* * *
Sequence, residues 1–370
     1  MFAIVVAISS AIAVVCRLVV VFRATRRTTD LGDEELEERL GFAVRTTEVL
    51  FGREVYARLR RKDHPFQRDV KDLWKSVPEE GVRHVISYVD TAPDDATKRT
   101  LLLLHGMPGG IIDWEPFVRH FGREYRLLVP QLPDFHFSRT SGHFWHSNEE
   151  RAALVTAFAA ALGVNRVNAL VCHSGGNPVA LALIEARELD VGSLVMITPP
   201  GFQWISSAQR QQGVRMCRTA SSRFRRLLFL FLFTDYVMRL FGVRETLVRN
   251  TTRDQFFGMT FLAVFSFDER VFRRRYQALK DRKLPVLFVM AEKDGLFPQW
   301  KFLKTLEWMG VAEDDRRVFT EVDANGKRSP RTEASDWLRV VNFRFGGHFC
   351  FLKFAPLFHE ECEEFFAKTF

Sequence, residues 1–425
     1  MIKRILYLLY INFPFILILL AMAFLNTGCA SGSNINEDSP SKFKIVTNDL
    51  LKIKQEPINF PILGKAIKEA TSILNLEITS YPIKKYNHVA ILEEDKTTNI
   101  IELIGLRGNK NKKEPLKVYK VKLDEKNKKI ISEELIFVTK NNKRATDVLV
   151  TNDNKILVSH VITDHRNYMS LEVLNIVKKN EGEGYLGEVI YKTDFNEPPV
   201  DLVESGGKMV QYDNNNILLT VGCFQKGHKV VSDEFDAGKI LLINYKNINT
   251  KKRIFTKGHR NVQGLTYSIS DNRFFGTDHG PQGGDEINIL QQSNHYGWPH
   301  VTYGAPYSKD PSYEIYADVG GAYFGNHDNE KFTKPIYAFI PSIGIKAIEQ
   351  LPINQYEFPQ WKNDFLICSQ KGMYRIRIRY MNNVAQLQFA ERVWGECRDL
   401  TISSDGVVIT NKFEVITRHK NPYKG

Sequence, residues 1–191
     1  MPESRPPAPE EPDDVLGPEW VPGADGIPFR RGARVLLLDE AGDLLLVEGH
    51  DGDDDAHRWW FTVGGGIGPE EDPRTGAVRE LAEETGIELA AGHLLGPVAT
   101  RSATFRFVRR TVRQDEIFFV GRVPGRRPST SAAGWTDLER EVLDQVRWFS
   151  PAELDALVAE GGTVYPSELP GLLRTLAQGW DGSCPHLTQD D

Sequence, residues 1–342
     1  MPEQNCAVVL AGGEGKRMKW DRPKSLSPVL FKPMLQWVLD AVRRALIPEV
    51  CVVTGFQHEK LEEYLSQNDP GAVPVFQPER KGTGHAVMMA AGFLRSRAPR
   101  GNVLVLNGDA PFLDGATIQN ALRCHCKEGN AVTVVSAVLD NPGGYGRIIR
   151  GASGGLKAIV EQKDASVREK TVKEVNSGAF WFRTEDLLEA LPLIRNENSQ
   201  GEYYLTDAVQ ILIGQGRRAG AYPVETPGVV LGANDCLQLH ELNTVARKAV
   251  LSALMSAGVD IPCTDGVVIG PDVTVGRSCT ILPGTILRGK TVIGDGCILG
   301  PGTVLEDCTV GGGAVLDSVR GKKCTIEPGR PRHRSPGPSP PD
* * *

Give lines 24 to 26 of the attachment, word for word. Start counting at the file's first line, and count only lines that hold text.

   151  PAELDALVAE GGTVYPSELP GLLRTLAQGW DGSCPHLTQD D

Sequence, residues 1–342
     1  MPEQNCAVVL AGGEGKRMKW DRPKSLSPVL FKPMLQWVLD AVRRALIPEV